[Numpy-discussion] Quaternion data type
aldcroft at head.cfa.harvard.edu
Sat May 5 21:15:34 EDT 2012
On Sat, May 5, 2012 at 12:55 PM, Charles R Harris
<charlesr.harris at gmail.com> wrote:
> On Sat, May 5, 2012 at 5:27 AM, Tom Aldcroft <aldcroft at head.cfa.harvard.edu>
>> On Fri, May 4, 2012 at 11:44 PM, Ilan Schnell <ischnell at enthought.com>
>> > Hi Chuck,
>> > thanks for the prompt reply. I as curious because because
>> > someone was interested in adding http://pypi.python.org/pypi/Quaternion
>> > to EPD, but Martin and Mark's implementation of quaternions
>> > looks much better.
>> Hi -
>> I'm a co-author of the above mentioned Quaternion package. I agree
>> the numpy_quaternion version would be better, but if there is no
>> expectation that it will move forward I can offer to improve our
>> Quaternion. A few months ago I played around with making it accept
>> arbitrary array inputs (with similar shape of course) to essentially
>> vectorize the transformations. We never got around to putting this in
>> a release because of a perceived lack of interest / priorities... If
>> this would be useful then let me know.
> Would you be interested in carrying Martin's package forward? I'm not
> opposed to having quaternions in numpy/scipy but there needs to be someone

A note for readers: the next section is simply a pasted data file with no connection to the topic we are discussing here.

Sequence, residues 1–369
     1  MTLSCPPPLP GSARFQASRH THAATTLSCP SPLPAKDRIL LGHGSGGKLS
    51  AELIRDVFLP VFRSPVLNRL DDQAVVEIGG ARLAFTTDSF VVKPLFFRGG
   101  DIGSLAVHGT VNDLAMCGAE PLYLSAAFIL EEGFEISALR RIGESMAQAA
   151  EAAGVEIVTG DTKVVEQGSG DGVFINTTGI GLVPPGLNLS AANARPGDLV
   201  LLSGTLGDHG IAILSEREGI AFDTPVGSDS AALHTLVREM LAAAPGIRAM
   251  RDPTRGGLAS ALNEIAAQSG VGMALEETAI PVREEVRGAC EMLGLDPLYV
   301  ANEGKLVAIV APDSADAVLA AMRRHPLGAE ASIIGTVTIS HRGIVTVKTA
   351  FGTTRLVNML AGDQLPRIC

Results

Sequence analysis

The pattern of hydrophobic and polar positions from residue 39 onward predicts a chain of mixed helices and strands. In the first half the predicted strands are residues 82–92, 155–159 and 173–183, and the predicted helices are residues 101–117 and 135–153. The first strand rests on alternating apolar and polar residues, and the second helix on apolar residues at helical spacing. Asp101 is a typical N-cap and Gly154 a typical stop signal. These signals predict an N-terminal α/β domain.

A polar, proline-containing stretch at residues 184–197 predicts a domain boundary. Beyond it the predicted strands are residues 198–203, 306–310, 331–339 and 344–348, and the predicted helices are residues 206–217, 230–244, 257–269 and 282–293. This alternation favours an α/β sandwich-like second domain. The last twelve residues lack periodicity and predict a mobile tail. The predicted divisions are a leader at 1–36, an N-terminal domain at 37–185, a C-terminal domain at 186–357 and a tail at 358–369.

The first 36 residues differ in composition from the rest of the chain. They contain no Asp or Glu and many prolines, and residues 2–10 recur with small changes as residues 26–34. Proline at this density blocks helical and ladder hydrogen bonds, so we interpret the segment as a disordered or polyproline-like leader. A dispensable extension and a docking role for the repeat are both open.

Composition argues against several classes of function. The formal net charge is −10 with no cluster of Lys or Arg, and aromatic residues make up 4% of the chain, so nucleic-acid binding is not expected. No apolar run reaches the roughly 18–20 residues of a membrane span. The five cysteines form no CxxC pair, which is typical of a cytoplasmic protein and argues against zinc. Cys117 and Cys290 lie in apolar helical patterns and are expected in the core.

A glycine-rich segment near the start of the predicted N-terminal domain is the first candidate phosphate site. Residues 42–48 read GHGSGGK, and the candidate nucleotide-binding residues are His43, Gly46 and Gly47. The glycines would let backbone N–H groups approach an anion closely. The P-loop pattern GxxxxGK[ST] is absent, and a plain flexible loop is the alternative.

> to push it and deal with problems if they come up. Martin's package
> disappeared in large part because Martin disappeared. I'd also like to hear
> from Mark about other aspects, as there was also a simple rational user type
> proposed that we were looking to put in as an extension 'test' type. IIRC,
> there were some needed fixes to Numpy, some of which were postponed in favor
> of larger changes. User types is one of the things we want ot get fixed up.
It would be great to have a quaternion dtype available in numpy, so I
would be interested in carrying this package if nobody else steps
forward. I don't have any experience with numpy internals, but it
looks like most the heavy lifting is done already.
On a related note the AstroPy project has been discussing a time class
suitable for astronomy (with different conversions, time systems, an
option to use 128-bit precision, etc). We have recently talked about
a numpy dtype analogous to datetime64. This might be an opportunity
to understand a bit the mechanics of making a new dtype.
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